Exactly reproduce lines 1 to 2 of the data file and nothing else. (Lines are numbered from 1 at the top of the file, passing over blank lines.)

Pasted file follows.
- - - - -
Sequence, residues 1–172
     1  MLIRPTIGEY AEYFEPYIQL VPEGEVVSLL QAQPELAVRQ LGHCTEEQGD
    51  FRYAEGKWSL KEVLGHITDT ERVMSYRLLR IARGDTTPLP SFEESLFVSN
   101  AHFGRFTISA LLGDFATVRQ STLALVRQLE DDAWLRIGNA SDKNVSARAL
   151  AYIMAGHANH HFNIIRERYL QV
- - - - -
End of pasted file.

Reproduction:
Sequence, residues 1–172
     1  MLIRPTIGEY AEYFEPYIQL VPEGEVVSLL QAQPELAVRQ LGHCTEEQGD